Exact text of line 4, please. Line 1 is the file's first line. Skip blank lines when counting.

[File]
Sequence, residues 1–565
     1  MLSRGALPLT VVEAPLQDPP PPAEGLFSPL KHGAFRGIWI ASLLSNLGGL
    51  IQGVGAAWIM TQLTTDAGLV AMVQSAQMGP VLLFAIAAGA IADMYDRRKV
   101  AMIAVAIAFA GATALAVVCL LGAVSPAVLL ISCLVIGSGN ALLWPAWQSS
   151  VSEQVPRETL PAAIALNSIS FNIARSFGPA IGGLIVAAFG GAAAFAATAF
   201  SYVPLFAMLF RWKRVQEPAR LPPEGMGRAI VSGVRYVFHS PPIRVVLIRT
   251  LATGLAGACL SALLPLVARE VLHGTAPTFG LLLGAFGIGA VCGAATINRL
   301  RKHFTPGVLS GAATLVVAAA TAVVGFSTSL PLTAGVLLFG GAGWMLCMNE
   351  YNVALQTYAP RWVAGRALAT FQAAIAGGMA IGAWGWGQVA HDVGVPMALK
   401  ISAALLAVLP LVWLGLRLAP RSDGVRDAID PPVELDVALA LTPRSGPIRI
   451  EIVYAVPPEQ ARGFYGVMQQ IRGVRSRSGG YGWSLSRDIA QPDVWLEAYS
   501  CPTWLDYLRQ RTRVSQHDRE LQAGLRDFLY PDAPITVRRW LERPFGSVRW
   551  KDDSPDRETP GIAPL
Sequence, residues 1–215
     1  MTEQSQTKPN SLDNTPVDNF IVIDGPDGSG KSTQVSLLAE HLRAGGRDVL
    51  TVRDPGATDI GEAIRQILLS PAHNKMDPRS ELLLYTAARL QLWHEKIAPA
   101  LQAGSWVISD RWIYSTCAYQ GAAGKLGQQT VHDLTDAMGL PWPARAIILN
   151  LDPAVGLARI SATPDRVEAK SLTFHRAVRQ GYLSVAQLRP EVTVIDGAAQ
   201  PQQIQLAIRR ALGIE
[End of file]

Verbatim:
   101  AMIAVAIAFA GATALAVVCL LGAVSPAVLL ISCLVIGSGN ALLWPAWQSS